Something of a curio and a sidestep in the annals of Jim Woodring’s Unifactor stories And Now, Sir — Is THIS Your Missing Gonad? takes his signature anthropomorphic Frank character and gives us a different perspective on Frank’s world, shifting it from silent sequential graphic narrative to a collection of surreal one-panel cartoons.
The previously unpublished work presented in this volume was created for Woodring’s own entertainment over the past decade or so and includes accompanying captions and text from “the mysterious Walter Foxglove, The Smartest Artist™”. It’s replete with the recognisable cast from the Frank books including the titular protagonist, Pupshaw, Pushpaw, Whim and company, but it’s framed more through the lens of the fleeting and the fragmentary.
Frank’s realm is always a visually alluring one and here the mix of innocuous retro-style characters from a long gone age of early animation with unspeakable eldritch horrors retains its discordant delightfulness. The temptation is to say that And Now, Sir — Is THIS Your Missing Gonad? Is a book for the committed fans but strangely its detached, standalone nature makes it oddly accessible to the uninitiated despite the rather esoteric nature of its contents.
It’s important going into And Now, Sir — Is THIS Your Missing Gonad? to be prepared to embrace the incongruity not just of Frank’s eerily eccentric environment but also in the relationship of text and imagery in each single cartoon. Each caption is linked to the events it describes but simultaneously it often feels just one step removed from it as well. Wider artistic references are there to tease out if the reader so desires but this is a project that is more about the immediate response every page provokes rather than a dissection of theme or message. Indeed, while the cartoons feel designed to elicit a reaction in their audience one feels that it’s not necessarily meant to be the same reaction for each individual viewer; authorial intent subsumed into the specific personal interactivity of reader interpretation.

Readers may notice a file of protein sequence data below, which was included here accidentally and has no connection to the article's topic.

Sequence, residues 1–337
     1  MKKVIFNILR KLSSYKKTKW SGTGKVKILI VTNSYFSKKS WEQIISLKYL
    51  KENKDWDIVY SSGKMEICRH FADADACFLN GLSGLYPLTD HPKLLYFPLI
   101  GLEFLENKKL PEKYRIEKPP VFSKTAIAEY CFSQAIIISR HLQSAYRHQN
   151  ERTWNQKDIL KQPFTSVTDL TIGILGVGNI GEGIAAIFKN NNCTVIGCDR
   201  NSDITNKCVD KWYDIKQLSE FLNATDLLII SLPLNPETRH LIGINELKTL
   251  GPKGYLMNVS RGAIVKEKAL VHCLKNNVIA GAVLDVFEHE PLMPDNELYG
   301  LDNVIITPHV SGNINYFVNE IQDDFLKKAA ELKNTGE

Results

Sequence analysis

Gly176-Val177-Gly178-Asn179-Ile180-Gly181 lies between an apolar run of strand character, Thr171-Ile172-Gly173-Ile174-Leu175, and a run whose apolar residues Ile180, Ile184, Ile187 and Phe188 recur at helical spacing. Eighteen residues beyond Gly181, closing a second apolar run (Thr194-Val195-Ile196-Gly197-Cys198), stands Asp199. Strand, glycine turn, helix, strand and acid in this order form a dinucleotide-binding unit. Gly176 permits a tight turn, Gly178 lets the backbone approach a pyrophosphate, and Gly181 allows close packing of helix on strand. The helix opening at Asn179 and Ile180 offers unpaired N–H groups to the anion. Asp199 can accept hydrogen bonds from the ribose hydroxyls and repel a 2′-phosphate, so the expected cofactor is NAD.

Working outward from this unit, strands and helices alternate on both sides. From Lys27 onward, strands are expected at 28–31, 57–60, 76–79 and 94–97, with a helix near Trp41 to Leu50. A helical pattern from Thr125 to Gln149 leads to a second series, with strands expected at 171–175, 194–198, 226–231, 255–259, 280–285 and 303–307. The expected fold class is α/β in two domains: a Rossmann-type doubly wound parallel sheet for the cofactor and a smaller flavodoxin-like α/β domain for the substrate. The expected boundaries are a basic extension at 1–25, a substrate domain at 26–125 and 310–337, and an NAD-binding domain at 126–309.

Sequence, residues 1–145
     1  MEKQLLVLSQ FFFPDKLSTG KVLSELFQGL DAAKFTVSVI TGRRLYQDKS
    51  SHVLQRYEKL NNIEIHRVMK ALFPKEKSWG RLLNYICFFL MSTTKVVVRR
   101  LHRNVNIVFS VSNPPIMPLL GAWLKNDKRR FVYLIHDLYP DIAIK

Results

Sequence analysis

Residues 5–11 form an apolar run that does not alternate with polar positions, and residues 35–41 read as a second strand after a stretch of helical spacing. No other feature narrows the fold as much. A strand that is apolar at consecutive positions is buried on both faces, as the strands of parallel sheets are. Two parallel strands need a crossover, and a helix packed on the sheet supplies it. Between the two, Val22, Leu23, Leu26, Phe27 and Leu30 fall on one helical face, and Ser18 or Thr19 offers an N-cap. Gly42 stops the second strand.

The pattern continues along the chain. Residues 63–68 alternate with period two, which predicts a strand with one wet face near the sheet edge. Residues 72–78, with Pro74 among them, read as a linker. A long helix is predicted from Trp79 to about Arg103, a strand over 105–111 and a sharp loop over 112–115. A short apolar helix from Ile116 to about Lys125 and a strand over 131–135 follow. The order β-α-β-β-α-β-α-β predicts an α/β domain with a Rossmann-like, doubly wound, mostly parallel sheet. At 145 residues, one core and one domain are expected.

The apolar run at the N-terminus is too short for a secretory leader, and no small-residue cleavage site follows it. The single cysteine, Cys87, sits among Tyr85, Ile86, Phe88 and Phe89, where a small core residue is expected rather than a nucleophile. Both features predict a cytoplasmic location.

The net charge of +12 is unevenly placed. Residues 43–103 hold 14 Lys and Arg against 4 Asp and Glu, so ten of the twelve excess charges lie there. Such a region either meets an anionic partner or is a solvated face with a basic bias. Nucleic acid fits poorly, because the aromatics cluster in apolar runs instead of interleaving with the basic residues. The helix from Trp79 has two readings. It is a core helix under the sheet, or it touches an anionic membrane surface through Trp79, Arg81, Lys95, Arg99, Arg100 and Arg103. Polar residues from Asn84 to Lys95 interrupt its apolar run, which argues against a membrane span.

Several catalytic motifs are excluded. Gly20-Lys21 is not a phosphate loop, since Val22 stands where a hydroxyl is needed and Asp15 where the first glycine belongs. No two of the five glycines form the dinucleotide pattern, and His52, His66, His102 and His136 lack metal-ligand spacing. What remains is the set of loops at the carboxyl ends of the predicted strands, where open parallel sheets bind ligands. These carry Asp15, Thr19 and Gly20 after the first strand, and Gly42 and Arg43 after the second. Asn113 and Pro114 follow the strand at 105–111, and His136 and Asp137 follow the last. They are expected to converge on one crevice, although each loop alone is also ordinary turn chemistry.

Herein, then, the bizarre routine of everyday life in Frank’s world continues with its own distinctively dreamlike tempo. Sentient vehicles resent their riders; the dire secrets of the afterlife are hinted at with casual indifference; the social etiquette of monstrous apparitions is explored; and cacophonous meteorological conditions shower down from above.
Sometimes there’s something to be grasped directly from the page; sometimes there’s a fragment of truth or meaning to be gleaned from an otherwise imperceptible whole, and sometimes the non sequitur is the entire point. Isolated windows of time peer into wider unseen narratives while monologues take on the most twisted weirdness by their bizarre juxtaposition with the accompanying off-centre imagery. An ever changing colour scheme adds an extra layer to the reading experience for those engaging with the book in its physical, tactile incarnation.
And Now, Sir — Is THIS Your Missing Gonad? is off-putting yet enchanting, familiar but alien, unsettling and still hypnotic. The irony here is, perhaps, that it is completely atypical to Woodring’s other Frank work and yet despite that it provides the perfect entry point to his world for those wishing to investigate further. For Woodring aficionados, though, it establishes a whole new and essential take on the Unifactor and its inhabitants.
Jim Woodring (W/A) • Fantagraphics Books, $21.99
Review by Andy Oliver